The United States promised on Friday that it would work to rebuild North Korea's sanctions-crippled economy if Pyongyang agrees to surrender its nuclear arsenal.
Secretary of State Mike Pompeo's vow came as senior US officials expressed growing optimism ahead of the landmark June 12 summit between North Korean leader Kim Jong-un and US President Donald Trump.
Pompeo, who held talks Kim over the weekend, even said "we have a pretty good understanding between our two countries about what the shared objectives are."
He was speaking after talks with his South Korean counterpart Kang Kyung-wha to coordinate Washington and Seoul's preparations for the historic encounter.
Many observers have warned Kim Jong-un will try to drive a wedge between the allies as the summit approaches, playing Seoul's fear of war against Washington's nuclear concerns.
But both Kang and Pompeo insisted that they agreed on the need for the "total, permanent and verifiable" denuclearisation of the divided peninsula.
Trump and South Korea's President Moon Jae-in are due to meet on May 22 at the White House for the next round of planning.
And Pompeo said the United States would remain on board to help develop the North's economy, which has been devastated by its own mismanagement and crippling international sanctions.
"If North Korea takes bold action to quickly denuclearise, the United States is prepared to work with North Korea to achieve prosperity on par with our South Korean friends," he said.
Since an ad hoc 1953 armistice put an end to active hostilities between the North and the South, South Korea has emerged from devastation to become a leading world economy.
But the North has remained one of the world's most isolated states and its outdated economy has been further battered by a UN-backed "maximum pressure" campaign of sanctions.
Over the past year Kim and Trump have also added a personal touch to a half-century of international enmity, swapping insults and both openly threatening devastating direct military action.
TRT World's Tetiana Anderson has more details from Washington.
The North also carried out missile tests that convinced US intelligence officials, including Pompeo in his former role as CIA chief, that it could threaten US cities.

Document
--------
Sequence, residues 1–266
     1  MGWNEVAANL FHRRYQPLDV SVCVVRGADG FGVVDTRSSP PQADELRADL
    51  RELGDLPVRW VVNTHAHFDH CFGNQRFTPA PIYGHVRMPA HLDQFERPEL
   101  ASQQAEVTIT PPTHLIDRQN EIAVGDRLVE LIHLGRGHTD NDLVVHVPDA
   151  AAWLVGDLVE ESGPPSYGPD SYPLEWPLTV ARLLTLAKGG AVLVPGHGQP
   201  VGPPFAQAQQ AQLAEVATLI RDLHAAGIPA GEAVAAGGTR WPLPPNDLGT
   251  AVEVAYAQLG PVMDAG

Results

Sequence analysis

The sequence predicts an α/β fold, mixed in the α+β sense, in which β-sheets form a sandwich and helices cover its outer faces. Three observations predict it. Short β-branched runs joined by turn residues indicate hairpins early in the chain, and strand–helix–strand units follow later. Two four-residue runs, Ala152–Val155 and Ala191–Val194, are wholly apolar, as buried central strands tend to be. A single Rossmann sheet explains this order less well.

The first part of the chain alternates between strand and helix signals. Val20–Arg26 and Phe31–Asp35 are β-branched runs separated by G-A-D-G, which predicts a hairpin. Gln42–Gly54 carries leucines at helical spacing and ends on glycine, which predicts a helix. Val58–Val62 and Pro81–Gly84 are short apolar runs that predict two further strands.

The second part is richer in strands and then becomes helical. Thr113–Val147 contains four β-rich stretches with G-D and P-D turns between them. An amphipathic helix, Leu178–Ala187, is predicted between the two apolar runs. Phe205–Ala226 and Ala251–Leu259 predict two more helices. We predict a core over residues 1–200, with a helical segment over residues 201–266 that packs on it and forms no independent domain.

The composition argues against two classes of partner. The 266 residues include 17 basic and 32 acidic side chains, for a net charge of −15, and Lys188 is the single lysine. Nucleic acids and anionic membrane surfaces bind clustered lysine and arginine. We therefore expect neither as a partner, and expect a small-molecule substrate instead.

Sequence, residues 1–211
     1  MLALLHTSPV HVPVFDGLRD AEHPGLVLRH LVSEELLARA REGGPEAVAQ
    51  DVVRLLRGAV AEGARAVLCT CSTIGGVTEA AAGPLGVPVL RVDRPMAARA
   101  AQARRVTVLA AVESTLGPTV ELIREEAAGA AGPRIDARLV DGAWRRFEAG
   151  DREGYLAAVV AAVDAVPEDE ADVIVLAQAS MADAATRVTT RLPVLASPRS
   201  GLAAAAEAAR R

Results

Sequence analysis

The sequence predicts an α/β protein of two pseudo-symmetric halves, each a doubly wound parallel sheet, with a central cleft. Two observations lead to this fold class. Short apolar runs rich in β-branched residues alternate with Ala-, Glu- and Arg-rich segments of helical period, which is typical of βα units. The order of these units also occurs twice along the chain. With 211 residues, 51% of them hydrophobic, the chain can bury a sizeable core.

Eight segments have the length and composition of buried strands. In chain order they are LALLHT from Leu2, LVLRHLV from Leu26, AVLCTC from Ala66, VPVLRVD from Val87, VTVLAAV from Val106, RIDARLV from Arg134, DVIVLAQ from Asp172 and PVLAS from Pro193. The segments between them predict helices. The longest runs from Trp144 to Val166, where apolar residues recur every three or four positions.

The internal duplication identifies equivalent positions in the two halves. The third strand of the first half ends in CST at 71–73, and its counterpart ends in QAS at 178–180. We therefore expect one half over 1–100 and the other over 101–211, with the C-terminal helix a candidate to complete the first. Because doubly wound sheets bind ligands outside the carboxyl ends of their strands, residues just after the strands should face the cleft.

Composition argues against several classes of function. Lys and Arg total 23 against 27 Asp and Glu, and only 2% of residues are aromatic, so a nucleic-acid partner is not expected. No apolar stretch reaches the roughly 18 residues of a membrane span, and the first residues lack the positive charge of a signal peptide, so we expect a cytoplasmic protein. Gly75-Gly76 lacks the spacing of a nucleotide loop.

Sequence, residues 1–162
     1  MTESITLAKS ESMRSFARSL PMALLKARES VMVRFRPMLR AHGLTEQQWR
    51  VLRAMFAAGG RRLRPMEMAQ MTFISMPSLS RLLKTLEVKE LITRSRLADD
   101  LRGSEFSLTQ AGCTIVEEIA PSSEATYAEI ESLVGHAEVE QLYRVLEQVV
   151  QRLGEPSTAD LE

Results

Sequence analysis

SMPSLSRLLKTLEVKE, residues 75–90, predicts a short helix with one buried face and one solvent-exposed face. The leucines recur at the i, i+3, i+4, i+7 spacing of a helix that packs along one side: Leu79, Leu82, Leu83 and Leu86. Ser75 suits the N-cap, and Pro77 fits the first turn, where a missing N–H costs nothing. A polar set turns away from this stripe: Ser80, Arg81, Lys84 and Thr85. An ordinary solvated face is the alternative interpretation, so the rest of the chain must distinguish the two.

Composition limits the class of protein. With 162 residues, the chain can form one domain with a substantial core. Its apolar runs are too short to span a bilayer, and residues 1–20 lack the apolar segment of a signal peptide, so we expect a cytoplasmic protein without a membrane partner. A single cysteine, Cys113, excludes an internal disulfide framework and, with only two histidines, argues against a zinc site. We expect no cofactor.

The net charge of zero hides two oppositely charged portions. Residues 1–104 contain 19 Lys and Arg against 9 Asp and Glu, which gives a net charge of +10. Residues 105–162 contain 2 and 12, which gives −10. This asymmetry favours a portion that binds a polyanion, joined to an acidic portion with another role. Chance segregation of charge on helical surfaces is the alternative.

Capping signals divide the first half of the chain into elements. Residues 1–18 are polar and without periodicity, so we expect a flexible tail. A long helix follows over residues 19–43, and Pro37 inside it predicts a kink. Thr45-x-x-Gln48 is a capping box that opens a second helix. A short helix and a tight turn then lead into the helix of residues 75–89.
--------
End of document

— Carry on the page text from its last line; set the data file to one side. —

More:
But South Korea's President Moon reached out to the North, reopening direct talks, and when Kim invited Trump to a summit to discuss disarmament the mood changed.
At the weekend, Pompeo flew to Pyongyang for a second round of talks and to recover three released American detainees, and now a summit date has been set for June 12 in Singapore.
"We had good conversations, conversations that involve deep complex problems, challenges, strategic decisions that chairman Kim has before him," Pompeo said.
The pair, he said, talked "about how it is he wishes to proceed and if he's prepared, in exchange for the assurances that we're ready to provide him, if he is prepared to fully denuclearise.
"We'll require a robust verification program, one that we would undertake with partners around the world which would achieve that outcome," he warned.
But he added: "I'm confident that we have a shared understanding of the outcome that the leaders want, certainly President Trump and chairman Kim, but I think President Moon as well."
South Korea's Kang shared in Pompeo's optimism and was at pains to insist that there is no daylight between how Washington and Seoul are approaching the talks.
"We agreed that the summit would be an historic opportunity for resolving the North Korean nuclear issue, and securing enduring peace on the Korean peninsula," she said.
"We reaffirmed that our goal is to achieve the complete, verifiable and irreversible denuclearisation on the Korean Peninsula," she added, promising "air-tight" coordination.
Pompeo's promise of an economic carrot to match the stick of "maximum pressure" may reassure observers who are concerned that Seoul and Washington's objectives are not exactly aligned.
"There's a danger here of the peace track moving more quickly than the denuclearisation track," warned Abraham Denmark, an Asia expert and former senior US defence official.
"If that happens, it could give North Korea an opportunity to try to drive a wedge between Seoul and Washington," said Denmark, now at the Wilson Center think tank in the US capital.
So far, the North Korea has made vague pledges to "denuclearise" but has not spelled out what that means, when it would happen or how it would be implemented.
In North Korea's bombastic rhetoric, "denuclearisation" has, for years, been a byword for US troop withdrawals from South Korea - an idea that Kang appeared to reject.
After her talks with Pompeo, she took pains to "emphasise again that the US military presence in Korea is a matter for the ROK-US alliance first and foremost."
Hardliners in the North are believed to see a nuclear weapon as a guarantee against outside efforts to topple Kim Jong-un, but Trump insists he will not tolerate their growing arsenal.